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3. Insertion Sort

In order to use INSERT instead of MERGE it is clear what we have to do. We have to divide L so that one of the pieces is a singleton. This is easy - for example, just separate the head of L from its tail. Knowing that this piece is a singleton, we also can delete the recursive call that sorts it. This leads to the algorithm:

  1. Divide L into two pieces, its HEAD and its TAIL.
  2. recursively sort the TAIL.
  3. INSERT the HEAD into the sorted TAIL.
This is called Insertion Sort.

Example: Given L = [56,35,42,29]:

  1. HEAD = 56. TAIL = [35,42,29].
  2. Recursively sort the TAIL. Result = [29,35,42]. (the details of this step are given below)
  3. INSERT 56 into [29,35,42]. Result = [29,35,42,56].
Step (2) is a recursive call, so it follows the same pattern, except for this computation, L = [35,42,29].
  1. HEAD = 35. TAIL = [42,29].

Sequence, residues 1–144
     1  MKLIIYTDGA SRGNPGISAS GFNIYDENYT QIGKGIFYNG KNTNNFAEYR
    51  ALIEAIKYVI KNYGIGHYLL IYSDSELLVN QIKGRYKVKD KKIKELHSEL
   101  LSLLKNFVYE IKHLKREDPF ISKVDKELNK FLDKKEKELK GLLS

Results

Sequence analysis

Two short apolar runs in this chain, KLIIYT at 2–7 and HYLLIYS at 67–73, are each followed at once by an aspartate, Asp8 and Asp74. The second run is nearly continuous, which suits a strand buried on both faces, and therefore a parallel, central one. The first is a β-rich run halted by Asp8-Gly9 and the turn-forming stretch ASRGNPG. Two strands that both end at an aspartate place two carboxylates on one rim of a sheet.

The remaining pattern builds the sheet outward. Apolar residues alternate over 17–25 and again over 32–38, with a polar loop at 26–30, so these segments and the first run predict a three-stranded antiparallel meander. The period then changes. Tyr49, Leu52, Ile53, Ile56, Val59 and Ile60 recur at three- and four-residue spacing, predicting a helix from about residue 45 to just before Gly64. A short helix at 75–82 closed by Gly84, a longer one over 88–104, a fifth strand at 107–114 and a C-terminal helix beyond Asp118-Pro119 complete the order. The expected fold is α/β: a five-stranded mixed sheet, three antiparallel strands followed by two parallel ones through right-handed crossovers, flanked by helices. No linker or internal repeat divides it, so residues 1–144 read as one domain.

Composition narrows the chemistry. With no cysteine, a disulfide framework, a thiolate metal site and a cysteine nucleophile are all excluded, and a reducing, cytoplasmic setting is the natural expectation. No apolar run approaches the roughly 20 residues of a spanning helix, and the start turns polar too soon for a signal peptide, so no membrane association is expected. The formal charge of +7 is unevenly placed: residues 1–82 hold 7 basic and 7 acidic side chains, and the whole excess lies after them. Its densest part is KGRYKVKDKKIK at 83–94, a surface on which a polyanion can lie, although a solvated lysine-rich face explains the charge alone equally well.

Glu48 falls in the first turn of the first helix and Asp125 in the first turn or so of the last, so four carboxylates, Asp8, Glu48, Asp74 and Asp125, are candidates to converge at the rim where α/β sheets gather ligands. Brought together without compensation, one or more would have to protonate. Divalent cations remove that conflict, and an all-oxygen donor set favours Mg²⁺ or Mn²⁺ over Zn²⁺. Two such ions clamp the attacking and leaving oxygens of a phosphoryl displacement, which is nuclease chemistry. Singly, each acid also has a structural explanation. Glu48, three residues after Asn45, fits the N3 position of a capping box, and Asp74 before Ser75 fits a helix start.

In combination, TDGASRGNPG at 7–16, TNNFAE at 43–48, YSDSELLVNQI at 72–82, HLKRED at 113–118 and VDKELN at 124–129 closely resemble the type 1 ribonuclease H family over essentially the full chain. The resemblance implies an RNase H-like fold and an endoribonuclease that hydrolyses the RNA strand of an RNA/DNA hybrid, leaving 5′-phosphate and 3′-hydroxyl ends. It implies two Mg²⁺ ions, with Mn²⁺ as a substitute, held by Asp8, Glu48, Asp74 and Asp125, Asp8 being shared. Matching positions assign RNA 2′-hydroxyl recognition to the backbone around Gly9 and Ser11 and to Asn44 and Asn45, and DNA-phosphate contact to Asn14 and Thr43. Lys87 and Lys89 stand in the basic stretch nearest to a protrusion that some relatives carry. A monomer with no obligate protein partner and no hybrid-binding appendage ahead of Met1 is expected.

2. Recursively sort the TAIL. Result = [29,42].
  3. INSERT 35 into [29,42]. Result = [29,35,42].
So, we have succeeded in replacing the MERGE operation in step (3) with an INSERT operation, which is quite a bit more efficient. However, we have made a major sacrifice in efficiency in order to do this. Merge Sort happens to be one of the fastest sorting algorithms known; its speed is entirely due to the fact that it cuts the given list L into two equal size pieces. Insertion Sort gives up this source of efficiency, and as a result, it is much less efficient for large lists. We will see how to analyze the efficiency of algorithms later in the lecture.